I’m trying to write a survey tool. I’m using the sidebar to control workflow. The first selectbox is used to determine whether the user is entering a survey or reviewing past surveys.
action_selected = st.sidebar.selectbox('Choose below', ['Administer Survey', 'See Past Surveys'])
if action_selected == 'See Past Surveys':
data = Data() ##New instance of class Data
if st.sidebar.button('Show All Saved Surveys'):
if st.sidebar.button('Choose Questions to Include in Analysis'):
elif action_selected == 'Administer Survey':
st.sidebar.success('You are now adminstering a survey. Please complete the survey to the right.')
survey_instance = run_survey()
if st.sidebar.button('New Survey'):
survey_instance.session.run_id += 1
run_survey() #Possibly related question: this has to be clicked twice to 'reset' the main survey... why isn't this reseting on just one click
if st.sidebar.button('Save Survey'):
if st.sidebar.button('Show Survey'):
When I press the ‘Choose Questions…’ button, it calls this class method and displays it correctly… until I select a choice. At that point, it all reruns and the screen goes back to the main page. It never lets me make more than one choice.
self.session = SessionState.get(run_id=0)
self.data = open_survey_db()
self.selected_questions = st.multiselect('Pick the questions to include in analysis', self.data['Question'].unique(), key=self.session.run_id)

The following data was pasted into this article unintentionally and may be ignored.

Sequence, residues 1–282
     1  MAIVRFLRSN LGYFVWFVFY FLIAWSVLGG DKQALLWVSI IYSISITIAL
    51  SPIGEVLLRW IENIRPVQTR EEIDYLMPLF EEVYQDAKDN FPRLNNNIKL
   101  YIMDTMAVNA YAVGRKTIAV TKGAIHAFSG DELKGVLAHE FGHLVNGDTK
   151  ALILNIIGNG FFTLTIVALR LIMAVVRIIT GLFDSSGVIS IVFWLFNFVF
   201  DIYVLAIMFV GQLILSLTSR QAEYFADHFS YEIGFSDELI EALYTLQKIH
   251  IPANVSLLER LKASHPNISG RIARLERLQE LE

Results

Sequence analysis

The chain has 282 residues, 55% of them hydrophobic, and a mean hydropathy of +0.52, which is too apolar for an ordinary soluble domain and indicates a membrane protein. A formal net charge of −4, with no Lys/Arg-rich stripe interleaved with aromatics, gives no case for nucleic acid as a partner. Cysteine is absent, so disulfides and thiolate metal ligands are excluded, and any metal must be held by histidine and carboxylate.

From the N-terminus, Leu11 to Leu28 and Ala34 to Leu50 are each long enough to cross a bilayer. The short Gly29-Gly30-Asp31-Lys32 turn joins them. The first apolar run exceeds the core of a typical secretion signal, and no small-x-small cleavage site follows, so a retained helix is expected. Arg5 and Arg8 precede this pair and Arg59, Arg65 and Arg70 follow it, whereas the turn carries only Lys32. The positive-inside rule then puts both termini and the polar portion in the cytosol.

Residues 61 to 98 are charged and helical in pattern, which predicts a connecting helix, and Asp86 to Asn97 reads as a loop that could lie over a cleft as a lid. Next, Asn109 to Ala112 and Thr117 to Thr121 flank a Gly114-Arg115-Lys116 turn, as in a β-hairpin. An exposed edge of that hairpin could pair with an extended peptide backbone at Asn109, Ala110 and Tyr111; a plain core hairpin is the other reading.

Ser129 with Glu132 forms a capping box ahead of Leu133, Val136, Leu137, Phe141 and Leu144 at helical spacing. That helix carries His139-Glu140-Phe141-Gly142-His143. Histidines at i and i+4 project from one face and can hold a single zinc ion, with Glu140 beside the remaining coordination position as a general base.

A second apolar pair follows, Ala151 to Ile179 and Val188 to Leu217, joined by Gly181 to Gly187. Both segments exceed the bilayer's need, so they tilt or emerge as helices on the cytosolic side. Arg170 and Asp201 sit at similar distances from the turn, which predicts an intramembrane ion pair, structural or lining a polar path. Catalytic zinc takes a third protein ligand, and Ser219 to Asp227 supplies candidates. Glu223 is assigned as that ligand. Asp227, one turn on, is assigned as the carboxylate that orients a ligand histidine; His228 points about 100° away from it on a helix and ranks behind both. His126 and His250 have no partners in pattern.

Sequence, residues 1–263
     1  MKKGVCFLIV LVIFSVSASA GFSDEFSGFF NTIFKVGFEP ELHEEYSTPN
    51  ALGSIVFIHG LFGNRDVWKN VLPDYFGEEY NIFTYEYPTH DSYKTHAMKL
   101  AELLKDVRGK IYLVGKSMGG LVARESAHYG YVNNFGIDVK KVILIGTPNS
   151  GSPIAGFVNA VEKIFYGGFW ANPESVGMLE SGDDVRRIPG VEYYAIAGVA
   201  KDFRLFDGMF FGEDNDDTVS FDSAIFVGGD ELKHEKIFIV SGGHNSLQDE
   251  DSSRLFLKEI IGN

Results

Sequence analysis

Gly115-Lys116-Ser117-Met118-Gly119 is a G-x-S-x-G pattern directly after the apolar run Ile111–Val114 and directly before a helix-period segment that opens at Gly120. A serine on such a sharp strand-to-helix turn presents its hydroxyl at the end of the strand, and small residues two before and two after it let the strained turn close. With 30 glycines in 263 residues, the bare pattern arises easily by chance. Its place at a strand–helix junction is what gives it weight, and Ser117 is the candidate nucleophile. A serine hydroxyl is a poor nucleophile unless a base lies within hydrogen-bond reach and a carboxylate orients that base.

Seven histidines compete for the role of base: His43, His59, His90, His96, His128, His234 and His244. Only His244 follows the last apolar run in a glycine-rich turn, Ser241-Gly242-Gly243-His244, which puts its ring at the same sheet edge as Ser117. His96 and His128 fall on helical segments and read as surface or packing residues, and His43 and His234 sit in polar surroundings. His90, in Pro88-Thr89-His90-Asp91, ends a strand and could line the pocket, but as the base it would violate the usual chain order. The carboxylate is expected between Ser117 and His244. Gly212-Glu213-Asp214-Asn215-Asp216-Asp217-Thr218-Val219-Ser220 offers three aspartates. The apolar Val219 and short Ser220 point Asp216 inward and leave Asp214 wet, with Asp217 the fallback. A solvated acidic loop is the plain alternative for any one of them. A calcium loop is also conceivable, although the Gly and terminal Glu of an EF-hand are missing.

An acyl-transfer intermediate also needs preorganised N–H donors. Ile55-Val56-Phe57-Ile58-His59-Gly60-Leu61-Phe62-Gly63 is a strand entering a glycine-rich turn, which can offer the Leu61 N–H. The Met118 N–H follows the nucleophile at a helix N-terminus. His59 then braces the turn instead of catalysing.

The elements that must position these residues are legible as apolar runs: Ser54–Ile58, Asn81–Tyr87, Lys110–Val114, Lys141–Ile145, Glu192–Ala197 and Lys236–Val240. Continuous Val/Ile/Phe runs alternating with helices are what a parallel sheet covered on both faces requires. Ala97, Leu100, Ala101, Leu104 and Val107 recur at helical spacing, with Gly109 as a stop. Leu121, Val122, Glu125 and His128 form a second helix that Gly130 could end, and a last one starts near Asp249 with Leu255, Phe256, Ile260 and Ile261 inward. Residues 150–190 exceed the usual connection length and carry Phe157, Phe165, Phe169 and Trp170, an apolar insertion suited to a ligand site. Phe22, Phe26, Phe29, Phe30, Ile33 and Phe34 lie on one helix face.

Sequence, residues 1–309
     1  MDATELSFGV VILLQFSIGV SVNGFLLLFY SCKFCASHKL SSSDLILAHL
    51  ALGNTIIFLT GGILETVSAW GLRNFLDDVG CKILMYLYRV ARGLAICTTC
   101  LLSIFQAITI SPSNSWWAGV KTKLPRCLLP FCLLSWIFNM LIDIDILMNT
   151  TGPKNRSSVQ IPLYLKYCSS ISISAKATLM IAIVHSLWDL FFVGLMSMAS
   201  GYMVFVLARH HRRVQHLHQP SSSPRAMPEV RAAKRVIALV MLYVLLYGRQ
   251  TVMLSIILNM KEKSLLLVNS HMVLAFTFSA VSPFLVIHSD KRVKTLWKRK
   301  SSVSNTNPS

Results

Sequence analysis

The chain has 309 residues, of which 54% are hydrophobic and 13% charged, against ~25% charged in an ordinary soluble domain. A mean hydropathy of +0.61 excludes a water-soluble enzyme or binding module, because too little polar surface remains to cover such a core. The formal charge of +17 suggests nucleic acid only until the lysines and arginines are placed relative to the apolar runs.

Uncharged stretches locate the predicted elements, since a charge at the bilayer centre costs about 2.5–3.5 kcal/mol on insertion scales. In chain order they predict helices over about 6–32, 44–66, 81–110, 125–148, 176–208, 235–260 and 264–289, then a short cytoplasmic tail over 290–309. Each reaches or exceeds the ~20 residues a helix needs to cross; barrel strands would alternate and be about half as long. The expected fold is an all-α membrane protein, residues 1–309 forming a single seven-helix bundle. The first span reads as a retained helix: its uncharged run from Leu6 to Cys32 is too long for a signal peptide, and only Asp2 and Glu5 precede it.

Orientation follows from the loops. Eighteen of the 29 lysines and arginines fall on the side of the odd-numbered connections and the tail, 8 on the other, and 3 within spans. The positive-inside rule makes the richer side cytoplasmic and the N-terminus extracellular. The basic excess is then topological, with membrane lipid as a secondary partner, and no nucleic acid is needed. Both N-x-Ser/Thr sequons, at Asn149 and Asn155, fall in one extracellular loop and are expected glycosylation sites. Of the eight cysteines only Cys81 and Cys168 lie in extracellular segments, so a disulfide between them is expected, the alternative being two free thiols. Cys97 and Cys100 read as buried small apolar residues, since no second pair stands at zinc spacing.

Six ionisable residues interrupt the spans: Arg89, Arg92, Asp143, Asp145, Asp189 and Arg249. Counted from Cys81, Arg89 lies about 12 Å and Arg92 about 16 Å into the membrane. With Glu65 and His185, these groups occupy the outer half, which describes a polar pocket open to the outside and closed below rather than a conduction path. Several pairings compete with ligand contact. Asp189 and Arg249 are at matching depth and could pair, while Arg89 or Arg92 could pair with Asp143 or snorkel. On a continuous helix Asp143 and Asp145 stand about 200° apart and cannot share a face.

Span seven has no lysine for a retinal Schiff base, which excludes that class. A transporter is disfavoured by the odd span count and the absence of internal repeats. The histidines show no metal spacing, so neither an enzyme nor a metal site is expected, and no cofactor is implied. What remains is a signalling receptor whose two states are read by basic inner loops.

Is it not working because of the nested if statements?Preformatted text
The problem is that buttons only return a value of True on the first run after they are clicked (that is, on the run triggered by their being clicked). This means that once you select a question to be included in the survey the value return by st.sidebar.button('Choose Questions to Include in Analysis') is going to go back to False.
I find it makes buttons annoying to use. If you want to show/hide some extra features like that with them defaulting to being hidden, you probably want to try using a radio widget instead, since that way the selection will persist between reruns of the app.
The only useful use-case I’ve found for buttons in my work is to give the user the option to save the current state of something to a file.
I’m not entirely sure if this is what you want, but there is another good use case that I’ve discovered for buttons that might be applicable for your situation.
If you need the user to enter a number of different settings on different widgets, and then have an expensive function call that needs to be run based on the combination of those inputs. If you don’t want to start running your expensive function call every time the user changes one of the inputs, you can guard the expensive function call with something like:
st.write("Ready to move on to the slow function?")
expensive_function(widget_output1, widet_output2, ...)
Unfortunately, this is only really useful if there is no state below the expensive function that can be updated, otherwise the button will revert back to False.
The scenario where I have found this useful is one in which the user needs to iterate between modifying a batch of parameters at once and then run something expensive. It’s more useful than using a radio button because in that case the user needs to remember to change the state of the radio button back to False before beginning to modify the parameters otherwise the expensive function starts running before all of the parameters have been updated correctly.
I’m not sure if you can use this in your problem, though, since I don’t know what you’re doing after you’ve loaded the image.
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